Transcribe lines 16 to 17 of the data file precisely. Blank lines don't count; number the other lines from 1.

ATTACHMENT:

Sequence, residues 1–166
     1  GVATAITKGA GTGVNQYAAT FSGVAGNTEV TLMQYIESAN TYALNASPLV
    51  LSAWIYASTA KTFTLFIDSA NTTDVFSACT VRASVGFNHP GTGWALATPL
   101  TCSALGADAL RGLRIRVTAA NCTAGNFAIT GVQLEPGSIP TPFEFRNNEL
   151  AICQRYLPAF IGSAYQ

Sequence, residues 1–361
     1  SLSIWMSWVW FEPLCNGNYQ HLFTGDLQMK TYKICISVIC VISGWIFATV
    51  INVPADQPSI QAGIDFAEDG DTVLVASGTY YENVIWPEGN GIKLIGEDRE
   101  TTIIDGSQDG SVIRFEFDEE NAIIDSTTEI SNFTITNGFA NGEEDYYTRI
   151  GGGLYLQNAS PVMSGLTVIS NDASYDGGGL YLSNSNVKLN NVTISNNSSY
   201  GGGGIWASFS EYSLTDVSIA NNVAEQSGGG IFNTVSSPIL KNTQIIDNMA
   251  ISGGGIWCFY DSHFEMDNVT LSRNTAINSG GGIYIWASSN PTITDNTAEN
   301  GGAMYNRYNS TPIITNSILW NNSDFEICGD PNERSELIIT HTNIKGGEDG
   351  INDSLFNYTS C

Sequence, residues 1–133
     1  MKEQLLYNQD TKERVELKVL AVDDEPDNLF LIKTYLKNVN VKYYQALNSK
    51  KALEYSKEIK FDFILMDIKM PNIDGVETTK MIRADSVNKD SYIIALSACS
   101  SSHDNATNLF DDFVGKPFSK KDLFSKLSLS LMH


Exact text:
     1  MKEQLLYNQD TKERVELKVL AVDDEPDNLF LIKTYLKNVN VKYYQALNSK
    51  KALEYSKEIK FDFILMDIKM PNIDGVETTK MIRADSVNKD SYIIALSACS